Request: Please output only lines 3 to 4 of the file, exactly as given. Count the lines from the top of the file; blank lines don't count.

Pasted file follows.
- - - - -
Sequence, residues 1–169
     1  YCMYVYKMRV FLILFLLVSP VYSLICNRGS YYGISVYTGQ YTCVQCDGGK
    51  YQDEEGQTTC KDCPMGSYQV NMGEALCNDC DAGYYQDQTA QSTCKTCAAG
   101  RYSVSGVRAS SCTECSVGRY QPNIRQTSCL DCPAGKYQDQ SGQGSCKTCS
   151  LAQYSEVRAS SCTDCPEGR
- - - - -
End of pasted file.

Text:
    51  YQDEEGQTTC KDCPMGSYQV NMGEALCNDC DAGYYQDQTA QSTCKTCAAG
   101  RYSVSGVRAS SCTECSVGRY QPNIRQTSCL DCPAGKYQDQ SGQGSCKTCS